Ekaterinburg, July 19, 2021
The annual nighttime Liturgy and procession in honor of the Royal Martyrs were held again this year on the night of July 16 to 17. The procession traditionally begins at the Church on the Blood, built on the site of the Ipatiev House, where Tsar Nicholas II and his family were brutally murdered in 1918, and ends at the Monastery of the Holy Royal Passion-Bearers, built on the site where their holy bodies were discarded, at Ganina Yama.
The holy march was much smaller than usual this year after it was officially canceled by the local governor on July 8 due to the pandemic. However, as promised, His Eminence Metropolitan Evgeny of Ekaterinburg still walked the traditional route with about 2,000 other hierarchs, clerics, monastics, and faithful, he reported afterwards on Telegram.
During the Liturgy at the Church on the Blood that preceded the procession, Met. Evgeny reminded that the procession was officially canceled, and called on everyone to “go where their heart leads them.” “Let it be unorganized,” he said.
The press service of the Ekaterinburg Diocese told RIA-Novosti that, despite the cancelation, the police still assisted those who were processing through the middle of the night.
The feast of the Royal Martyrs began in the afternoon of July 16 with the hierarchical celebration of Small Vespers and an Akathist to the Royal Passion-Bearers in the Tsar’s Room chapel, built in the basement of the Church on the Blood in the exact spot where the Royal Family was martyred.
The All-Night Vigil was celebrated later that evening on the square in front of the cathedral. The service was led by Met. Evgeny of Ekaterinburg, together with seven other hierarchs of the Russian Church and a number of clerics from the Ekaterinburg Metropolis.
Watch the Vigil service:
The eight hierarchs then celebrated the Divine Liturgy in honor of the Royal Martyrs in front of the cathedral. Just before the start of the service, the Metropolitan of Ekaterinburg addressed the faithful with an archpastoral word:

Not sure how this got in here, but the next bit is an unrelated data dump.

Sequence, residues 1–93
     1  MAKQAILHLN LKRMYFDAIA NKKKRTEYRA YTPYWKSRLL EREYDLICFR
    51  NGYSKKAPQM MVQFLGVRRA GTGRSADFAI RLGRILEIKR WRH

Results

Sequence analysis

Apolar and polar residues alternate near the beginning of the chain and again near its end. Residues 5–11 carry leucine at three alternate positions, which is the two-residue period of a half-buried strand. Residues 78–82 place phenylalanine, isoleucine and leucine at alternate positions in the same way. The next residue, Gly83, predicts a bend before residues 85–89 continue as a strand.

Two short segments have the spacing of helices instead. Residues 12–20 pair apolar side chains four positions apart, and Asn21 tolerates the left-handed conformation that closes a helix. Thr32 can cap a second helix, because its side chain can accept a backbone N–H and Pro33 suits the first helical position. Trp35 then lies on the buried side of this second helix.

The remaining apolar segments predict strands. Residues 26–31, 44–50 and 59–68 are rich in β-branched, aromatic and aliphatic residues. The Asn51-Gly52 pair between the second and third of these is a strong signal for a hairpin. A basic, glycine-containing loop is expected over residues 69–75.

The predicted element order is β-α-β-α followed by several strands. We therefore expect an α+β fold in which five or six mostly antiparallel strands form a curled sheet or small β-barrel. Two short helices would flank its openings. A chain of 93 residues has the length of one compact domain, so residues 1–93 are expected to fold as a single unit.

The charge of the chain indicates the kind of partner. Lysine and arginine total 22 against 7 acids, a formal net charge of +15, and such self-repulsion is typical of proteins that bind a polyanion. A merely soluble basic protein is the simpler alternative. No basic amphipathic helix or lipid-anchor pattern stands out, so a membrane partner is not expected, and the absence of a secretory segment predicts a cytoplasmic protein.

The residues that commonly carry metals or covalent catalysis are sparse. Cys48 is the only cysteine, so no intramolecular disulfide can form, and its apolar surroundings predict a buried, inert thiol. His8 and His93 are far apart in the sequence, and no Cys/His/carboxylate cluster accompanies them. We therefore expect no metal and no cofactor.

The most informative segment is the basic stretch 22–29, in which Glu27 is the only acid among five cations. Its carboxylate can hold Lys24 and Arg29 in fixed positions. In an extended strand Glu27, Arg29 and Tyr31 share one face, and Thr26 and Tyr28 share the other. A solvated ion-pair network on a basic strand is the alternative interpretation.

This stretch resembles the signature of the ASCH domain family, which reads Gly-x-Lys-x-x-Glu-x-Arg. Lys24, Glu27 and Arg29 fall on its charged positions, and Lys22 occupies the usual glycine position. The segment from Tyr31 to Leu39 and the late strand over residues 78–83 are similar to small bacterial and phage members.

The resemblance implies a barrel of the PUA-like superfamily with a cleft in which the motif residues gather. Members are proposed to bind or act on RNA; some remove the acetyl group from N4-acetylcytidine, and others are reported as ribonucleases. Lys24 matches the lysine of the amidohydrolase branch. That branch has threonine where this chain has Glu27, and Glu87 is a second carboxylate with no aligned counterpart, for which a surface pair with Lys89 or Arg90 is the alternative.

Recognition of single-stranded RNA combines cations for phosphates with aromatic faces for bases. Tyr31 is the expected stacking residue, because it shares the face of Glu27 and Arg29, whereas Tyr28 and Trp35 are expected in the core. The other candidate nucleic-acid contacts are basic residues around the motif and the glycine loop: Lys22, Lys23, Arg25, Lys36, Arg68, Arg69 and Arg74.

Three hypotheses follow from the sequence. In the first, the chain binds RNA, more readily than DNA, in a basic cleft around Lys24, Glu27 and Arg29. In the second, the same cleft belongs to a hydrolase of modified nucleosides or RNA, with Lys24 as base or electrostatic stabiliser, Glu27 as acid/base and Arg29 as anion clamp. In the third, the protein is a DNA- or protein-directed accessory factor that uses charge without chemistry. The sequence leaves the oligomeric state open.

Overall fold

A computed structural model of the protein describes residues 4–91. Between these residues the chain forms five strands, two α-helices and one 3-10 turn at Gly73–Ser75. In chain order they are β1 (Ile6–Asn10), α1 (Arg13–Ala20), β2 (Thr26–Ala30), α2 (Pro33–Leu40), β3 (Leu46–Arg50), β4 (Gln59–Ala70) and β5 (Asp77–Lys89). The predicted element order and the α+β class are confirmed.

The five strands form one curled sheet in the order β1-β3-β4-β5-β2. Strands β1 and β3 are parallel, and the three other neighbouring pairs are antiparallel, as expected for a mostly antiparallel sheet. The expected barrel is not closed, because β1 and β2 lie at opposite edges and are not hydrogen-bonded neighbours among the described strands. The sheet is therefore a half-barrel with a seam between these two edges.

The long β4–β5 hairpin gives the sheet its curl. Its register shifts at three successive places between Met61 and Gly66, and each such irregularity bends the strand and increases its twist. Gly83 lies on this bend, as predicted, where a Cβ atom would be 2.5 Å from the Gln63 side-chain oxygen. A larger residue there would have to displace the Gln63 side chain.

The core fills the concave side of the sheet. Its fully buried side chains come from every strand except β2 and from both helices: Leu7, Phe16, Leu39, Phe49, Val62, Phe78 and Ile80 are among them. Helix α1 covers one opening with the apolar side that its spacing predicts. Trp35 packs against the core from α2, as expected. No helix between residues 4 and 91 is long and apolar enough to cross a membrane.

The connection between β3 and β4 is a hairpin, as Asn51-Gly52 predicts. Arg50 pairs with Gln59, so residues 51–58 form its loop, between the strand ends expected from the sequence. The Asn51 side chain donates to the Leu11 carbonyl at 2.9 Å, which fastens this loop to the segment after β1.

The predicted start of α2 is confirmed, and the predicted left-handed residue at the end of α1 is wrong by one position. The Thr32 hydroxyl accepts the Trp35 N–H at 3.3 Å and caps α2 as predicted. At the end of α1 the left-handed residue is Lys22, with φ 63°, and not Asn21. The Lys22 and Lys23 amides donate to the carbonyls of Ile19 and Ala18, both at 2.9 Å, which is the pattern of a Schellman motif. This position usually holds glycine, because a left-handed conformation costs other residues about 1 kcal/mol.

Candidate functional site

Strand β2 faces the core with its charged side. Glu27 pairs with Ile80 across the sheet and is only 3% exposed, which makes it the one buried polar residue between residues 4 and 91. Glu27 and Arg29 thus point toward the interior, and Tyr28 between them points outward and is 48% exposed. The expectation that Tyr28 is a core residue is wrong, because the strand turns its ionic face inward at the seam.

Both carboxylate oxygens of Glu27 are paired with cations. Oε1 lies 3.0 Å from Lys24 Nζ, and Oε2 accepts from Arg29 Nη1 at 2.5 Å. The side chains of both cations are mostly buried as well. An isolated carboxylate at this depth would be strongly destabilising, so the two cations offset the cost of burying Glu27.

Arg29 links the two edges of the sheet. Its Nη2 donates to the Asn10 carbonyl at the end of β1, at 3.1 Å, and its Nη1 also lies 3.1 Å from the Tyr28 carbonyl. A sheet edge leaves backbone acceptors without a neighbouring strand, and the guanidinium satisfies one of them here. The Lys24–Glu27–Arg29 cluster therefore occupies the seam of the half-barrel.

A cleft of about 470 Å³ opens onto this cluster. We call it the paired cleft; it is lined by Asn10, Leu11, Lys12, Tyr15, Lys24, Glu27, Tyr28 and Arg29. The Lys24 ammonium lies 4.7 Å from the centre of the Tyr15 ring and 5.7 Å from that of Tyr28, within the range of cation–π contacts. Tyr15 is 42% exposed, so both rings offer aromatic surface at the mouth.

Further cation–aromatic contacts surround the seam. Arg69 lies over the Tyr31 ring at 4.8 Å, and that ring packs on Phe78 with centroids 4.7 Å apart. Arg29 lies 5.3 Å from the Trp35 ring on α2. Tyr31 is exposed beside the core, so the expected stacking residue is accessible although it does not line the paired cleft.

A sacred, solemn, tragic, joyful night has come, which we call the Royal Night, within the framework of our Royal Days celebrations. It is a night that combines within itself the tragedy of Holy Friday, this struggle of Gethsemane that the holy Royal Family experienced in this place. And on the same night, the great joy of the Resurrection of Christ and the glory into which the holy Royal Passion-Bearers entered from this place is revealed. All of this is felt very closely by every person, and we have the opportunity here to draw both the hope of resurrection and the strength to endure these Gethsemane temptations.
Watch the Divine Liturgy:
Following the Liturgy, the faithful headed for the Royal Passion-Bearers Monastery foot, moving in families and groups of 50 or 100.
Upon arrival at the monastery several hours later, a moleben to the Royal Martyrs was celebrated at the mine where the bodies of Tsar Nicholas, Tsaritsa Alexandria, Grand Duchesses Olga, Maria, Tatiana, and Anastaia, and Tsarevich Alexei were dumped.
More than 80 clerics prayed together with the hierarchs and the roughly 2,000 faithful who made the procession.
On the evening of July 17, Met. Evgeny and four other hierarchs celebrated the All-Night Vigil for the feast of the Grand Duchess and Martyr Elizabeth and St. Barbara and those martyred with them at the Royal Passion-Bearers Monastery.
The next morning, the Divine Liturgy for the feast of St. Elizabeth and the Alapaevsk Martyrs (the Nun Barbara, and Grand Duke Sergei Mikhailovich Romanov, the Princes Ioann Konstantinovich, Konstantin Konstantinovich, Igor Konstantinovich, and Vladimir Pavlovich Paley, and Grand Duke Sergei's secretary Fyodor Remez) was celebrated in the Monastery of the New Martyrs and Confessors of Russia in Alapaevsk. The service was again led by Met. Evgeny and six other hierarchs.
Following the service, a procession was held to the mine where the martyrs were thrown alive on the night of July 17-18. A moleben was served at the mine, followed by the singing of the Cherubic Hymn, which the martyrs sang for several days after they were thrown in the mine until they reposed.